The Movie Waffler Interview - THE BASTARDS' FIG TREE Director Ana Murugarren | The Movie Waffler

Interview - THE BASTARDS' FIG TREE Director Ana Murugarren

ana murugarren
We spoke to Spanish filmmaker Ana Murugarren about what’s been billed as the next Pan’s Labyrinth.

The Bastards' Fig Tree poster

Ana Murugarren’s genre-meshing The Bastards' Fig Tree provides a fresh, magical exploration of the horrors of the Spanish Civil War, showing both the brutality of war and its ability to inspire hope and change in a broken society.

Near the end of the Spanish War, a trigger happy fascist soldier turns into a hermit and gets caught up in the care of a fig tree after the look in a 10-year-old child's eyes, son of one of his victims, awakes in him the certainty that the kid will kill him as soon as he reaches 16 years of age.

ana murugarren

Do you remember where you were when you came upon the project?

I was finishing the post production of my previous feature film Tres Mentiras (Three Lies) The Bastards’ Fig Tree was a proposal of the producer Joaquin Trincado, but I was captivated by the idea immediately.

What was the initial appeal for you?

The different tunes that the movie has are exactly what makes The Bastards’ Fig Tree a unique and original movie. I’ve decided to tell the story of the horror of the Spanish Civil War from a point of view that ismagical and surrealistic. There are scenes and characters really comical, but always underneath of that humour, there is a tragic feeling. I have to say that I feel proud of having been capable to mix these different tunes.

Did the project change, if even slightly, due to budget or other creative decisions, as the shooting date approached?

I feel that the producer Joaquín Trincado trusted me 100% and gave me all the means he had.

How long of a shoot was it?

There were seven weeks of tough work, with a lot of night shooting and a lot of physical FX rain.

The Bastards' Fig Tree

Was it local? Or were parts of it filmed all over?

The whole movie was shot in the same area. Locations were not far from one another. Except the beginning of the movie when the camera flies looking for and following the car of the fascists.

How different a project do you think this would have been if it were filmed 20 years ago?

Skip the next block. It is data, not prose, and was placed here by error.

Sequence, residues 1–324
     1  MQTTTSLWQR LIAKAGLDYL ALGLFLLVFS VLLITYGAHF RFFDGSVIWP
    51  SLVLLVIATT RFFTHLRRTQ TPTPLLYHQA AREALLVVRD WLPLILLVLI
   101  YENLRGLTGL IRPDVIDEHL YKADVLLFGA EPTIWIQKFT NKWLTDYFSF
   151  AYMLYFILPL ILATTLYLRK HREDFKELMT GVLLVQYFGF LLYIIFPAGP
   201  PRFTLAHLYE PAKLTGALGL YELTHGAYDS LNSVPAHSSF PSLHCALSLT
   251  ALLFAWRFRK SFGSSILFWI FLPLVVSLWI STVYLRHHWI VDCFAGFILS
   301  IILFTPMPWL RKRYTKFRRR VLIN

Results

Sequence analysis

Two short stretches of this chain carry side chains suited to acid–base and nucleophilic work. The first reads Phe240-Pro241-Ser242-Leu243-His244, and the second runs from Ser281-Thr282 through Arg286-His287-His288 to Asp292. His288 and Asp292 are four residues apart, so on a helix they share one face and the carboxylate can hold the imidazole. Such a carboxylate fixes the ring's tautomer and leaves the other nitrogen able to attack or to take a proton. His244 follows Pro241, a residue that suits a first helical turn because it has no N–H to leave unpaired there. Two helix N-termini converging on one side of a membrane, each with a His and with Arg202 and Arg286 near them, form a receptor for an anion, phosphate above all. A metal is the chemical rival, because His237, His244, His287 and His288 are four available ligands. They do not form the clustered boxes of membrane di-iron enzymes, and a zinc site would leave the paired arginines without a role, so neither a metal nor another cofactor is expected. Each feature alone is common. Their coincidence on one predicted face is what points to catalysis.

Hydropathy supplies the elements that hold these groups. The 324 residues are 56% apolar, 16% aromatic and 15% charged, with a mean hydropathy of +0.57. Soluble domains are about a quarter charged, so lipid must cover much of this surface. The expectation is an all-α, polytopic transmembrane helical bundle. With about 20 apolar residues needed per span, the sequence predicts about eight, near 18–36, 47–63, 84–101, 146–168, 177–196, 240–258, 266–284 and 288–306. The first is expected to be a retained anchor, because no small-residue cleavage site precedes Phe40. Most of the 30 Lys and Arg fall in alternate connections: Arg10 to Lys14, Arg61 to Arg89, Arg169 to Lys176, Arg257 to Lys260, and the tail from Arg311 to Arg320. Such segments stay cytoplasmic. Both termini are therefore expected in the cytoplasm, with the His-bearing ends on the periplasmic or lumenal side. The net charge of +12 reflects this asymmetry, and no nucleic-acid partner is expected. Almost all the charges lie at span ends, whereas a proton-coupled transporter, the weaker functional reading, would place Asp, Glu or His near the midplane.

I would say that the main difference would have been the photography. 20 years ago, with so much countryside at night, the lightning would have been different. The one we’ve got in The Bastards’ Fig Tree is wonderful.

It would undoubtedly have been marketed a lot differently then, too. Tell us about some of the marketing activities conducted to promote it.

Social media has changed the way the audience gets to know about a movie. That has changed a lot.

Besides, the starring actor Karra Elejalde has a much more powerful relevance then 20 years ago. The spectators know they are going to see a performance work with the stomach, like we say in Spain.

Now he is back to the Civil War in the last film directed by Amenabar. And I can assure you that this is a very particular circumstance. His performance in The Bastards' Fig Tree is outstanding. That’s been very important for the promotion of the movie.

In the US the success in the Fantastic Fest in Austin has been really important. Definitely.

How important is a social media presence for a film?

The social media is fundamental. You will never have the power of the Studios blockbusters but you can connect with a very wide range target audience.

The Bastards' Fig Tree

What’s one thing people probably don’t realise about making movies?

It is impossible for people who have never worked on a film to get an idea of ​​the time it takes to make each shot of the film, or of the number of people working behind the camera. Whenever someone visits a film, they are amazed.

What was the initial goal of the project, for you. Has it succeeded, in terms of that goal, or is it too early to tell?

A feature film from Spain released theatrically in the States is a success in itself. It means that you have made a good movie. Hispanics are part of the US but Spain in Europe is far away from that reality. I would say that above all,  it is a complete pleasure.

Now with Dark Star Pics we are on the promotion for the VOD, coming out next June 4th. It’s very important to me because it’s gonna be a big way to get to a big audience.

What’s the future hold for you?

I will keep on making movies! hahaha. Right now I’m working with the same producer Joaquin Trincado in my next movie, García y Garcia, a fish out of water comedy that we’re to start shooting next February.

The Bastards’ Fig Tree is on Digital June 4th.